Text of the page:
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Master’s Degree Is Key To Success For Speech Therapist In Sacramento

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(credit: Thinkstock)

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Felice Clark is a certified speech therapist, also known as a speech-language pathologist, or SLP, with the Twin Rivers Unified School District in Sacramento. Clark earned a bachelor’s degree in speech pathology and audiology at Sacramento State University, and then stayed on to get her master’s degree in the same specialty. She keeps her certification from The American Speech-Language-Hearing Association current through ongoing education. Clark handles a caseload of more than 70 students at Babcock and Oakdale Elementary Schools, with issues including autism, stuttering and a wide range of articulation, voice and language disorders.

Certified Speech Therapist Felice Clark (photo courtesy of Felice Clark)

Certified Speech Therapist Felice Clark (photo courtesy of Felice Clark)

What was involved in getting your bachelor’s degree?

In addition to two years of general education, Clark completed two years of coursework specific to speech pathology. “The types of classes were diverse,” she says, “because the field is so broad.” One of the more challenging courses, referred to by students as “hearing class,” included the in-depth study of anatomy, neurology, brain function and hearing disorders. Clark says she was fascinated to learn the science of how sounds, words and vowels are formed by the tongue, noting how “one tiny sound or movement can change the whole word.” She says the coursework, intense and heavy on theory, “helped lay the foundation of what we do on the job every day.”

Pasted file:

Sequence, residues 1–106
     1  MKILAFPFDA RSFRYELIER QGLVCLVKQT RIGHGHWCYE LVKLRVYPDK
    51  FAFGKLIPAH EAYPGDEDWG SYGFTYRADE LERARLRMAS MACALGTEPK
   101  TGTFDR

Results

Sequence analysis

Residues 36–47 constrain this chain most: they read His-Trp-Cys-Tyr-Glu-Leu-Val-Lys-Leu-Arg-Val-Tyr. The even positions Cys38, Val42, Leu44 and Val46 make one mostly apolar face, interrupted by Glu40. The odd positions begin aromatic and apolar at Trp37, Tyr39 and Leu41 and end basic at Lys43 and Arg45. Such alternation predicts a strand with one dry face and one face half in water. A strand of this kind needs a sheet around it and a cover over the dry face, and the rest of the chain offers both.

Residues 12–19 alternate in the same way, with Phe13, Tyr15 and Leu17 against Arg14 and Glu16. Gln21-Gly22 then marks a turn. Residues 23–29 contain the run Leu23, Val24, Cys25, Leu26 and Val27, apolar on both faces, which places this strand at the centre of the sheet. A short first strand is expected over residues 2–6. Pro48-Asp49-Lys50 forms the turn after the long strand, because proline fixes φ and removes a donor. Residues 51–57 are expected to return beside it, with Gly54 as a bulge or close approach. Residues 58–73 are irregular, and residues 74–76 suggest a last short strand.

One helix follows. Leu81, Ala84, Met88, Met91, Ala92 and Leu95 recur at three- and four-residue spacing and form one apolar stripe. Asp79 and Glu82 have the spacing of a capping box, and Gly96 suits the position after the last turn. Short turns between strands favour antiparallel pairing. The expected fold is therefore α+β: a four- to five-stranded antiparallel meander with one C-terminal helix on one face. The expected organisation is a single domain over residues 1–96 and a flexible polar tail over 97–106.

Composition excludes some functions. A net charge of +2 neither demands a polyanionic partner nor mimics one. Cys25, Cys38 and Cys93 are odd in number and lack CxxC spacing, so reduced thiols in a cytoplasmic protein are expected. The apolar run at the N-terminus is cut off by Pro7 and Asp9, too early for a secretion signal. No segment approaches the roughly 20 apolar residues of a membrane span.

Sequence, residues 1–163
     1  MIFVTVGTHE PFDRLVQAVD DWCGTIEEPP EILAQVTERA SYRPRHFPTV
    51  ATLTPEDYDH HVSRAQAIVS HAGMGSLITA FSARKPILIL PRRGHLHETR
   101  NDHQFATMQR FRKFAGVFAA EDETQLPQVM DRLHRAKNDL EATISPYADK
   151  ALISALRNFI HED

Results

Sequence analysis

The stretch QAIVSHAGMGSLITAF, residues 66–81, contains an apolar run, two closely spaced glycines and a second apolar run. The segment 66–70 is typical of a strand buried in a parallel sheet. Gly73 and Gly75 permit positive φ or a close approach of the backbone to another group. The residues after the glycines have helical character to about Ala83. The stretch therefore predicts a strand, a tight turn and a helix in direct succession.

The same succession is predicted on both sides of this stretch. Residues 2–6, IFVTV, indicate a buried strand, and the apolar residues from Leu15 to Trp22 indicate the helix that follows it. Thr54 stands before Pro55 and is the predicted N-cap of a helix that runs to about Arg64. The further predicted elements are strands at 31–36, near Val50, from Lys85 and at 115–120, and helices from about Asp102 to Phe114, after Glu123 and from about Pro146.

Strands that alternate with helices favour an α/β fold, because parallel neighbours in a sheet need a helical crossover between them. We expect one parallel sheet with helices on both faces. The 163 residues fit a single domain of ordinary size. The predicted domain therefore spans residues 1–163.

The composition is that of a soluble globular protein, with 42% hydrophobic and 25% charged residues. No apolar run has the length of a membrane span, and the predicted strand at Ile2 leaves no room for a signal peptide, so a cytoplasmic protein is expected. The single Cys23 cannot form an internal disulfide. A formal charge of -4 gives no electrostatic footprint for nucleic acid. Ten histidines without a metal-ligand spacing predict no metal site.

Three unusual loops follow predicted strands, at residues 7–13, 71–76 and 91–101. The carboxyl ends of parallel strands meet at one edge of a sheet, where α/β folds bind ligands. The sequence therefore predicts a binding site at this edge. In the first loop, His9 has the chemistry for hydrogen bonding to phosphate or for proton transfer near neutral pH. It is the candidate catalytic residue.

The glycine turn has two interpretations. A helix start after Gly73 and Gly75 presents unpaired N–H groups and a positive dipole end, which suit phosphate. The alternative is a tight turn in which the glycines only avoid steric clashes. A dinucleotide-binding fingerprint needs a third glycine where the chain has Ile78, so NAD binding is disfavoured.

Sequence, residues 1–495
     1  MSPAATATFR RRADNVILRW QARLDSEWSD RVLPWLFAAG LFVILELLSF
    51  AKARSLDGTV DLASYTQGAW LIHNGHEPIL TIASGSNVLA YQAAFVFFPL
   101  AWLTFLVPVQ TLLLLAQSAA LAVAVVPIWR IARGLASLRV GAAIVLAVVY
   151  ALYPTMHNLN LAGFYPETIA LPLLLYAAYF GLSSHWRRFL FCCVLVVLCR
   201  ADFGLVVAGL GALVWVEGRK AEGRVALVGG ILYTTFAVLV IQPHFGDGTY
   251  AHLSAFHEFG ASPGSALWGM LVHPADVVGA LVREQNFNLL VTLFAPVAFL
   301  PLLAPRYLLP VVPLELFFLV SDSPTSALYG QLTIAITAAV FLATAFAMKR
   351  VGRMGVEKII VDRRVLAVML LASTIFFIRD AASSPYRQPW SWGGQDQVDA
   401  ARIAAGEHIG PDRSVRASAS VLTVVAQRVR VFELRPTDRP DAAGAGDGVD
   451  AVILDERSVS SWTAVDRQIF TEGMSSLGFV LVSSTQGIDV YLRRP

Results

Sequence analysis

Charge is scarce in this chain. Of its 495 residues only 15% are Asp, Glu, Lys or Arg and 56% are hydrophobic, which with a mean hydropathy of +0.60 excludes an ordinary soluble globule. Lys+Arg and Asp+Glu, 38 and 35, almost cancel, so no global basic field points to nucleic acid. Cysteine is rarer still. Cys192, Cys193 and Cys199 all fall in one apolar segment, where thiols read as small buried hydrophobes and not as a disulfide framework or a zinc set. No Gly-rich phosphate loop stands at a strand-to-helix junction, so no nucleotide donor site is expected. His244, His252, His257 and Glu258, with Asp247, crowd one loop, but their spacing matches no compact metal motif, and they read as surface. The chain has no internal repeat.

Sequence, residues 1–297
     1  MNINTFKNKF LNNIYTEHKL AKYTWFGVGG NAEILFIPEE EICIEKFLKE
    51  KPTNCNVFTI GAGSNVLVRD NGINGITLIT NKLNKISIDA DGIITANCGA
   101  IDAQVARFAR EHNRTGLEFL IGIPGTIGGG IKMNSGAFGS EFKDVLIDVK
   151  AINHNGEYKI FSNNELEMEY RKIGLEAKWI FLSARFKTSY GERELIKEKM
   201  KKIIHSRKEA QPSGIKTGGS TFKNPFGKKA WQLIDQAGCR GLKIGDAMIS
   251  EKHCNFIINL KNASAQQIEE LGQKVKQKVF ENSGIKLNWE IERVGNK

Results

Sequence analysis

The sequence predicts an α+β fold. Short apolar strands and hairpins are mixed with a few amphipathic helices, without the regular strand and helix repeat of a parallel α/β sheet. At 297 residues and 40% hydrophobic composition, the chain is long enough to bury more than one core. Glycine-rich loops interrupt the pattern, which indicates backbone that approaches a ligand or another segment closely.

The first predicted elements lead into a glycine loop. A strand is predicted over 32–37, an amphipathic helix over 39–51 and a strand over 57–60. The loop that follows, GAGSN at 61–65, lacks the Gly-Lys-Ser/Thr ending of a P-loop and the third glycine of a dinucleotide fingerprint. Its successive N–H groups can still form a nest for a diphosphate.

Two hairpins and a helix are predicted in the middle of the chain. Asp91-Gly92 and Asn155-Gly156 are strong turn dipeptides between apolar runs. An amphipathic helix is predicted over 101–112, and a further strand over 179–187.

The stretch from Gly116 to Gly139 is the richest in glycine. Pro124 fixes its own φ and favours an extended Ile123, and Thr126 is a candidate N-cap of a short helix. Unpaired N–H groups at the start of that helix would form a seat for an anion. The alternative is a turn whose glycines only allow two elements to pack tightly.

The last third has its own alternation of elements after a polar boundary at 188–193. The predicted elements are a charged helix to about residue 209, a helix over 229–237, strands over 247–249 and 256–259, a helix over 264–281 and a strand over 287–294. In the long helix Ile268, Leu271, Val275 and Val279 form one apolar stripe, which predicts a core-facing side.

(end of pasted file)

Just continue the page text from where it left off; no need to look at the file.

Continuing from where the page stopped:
How were your master’s studies different?

The two-year master’s program was much more advanced and hands-on, and included internships and three semesters of graduate clinics, working directly with clients of all ages, writing lesson plans, creating client goals and objectives and designing and applying therapy plans. “Grad school was actually really helpful for the real world,” Clark notes, “learning and trying so many things made me a better therapist.” She particularly valued the “fun and supportive community of people in speech therapy, teachers and mentors” who met weekly to discuss their casework. “Every client is different and you have to use different techniques,” Clark says. “You can’t just read it out of a book.”

Has your education helped in other ways?

Clark says she gained many skills in school that she applies every day to her work and life. The mother of two learned how to analyze, be detail oriented, avoid assumptions and judgments, prioritize and, perhaps most importantly, how to manage her time effectively.

Valerie Heimerich is a freelance writer out of Sacramento. She typically covers animals and community issues. She has volunteered and worked for many organizations helping animals and people.
Her work can be found at Examiner.com.

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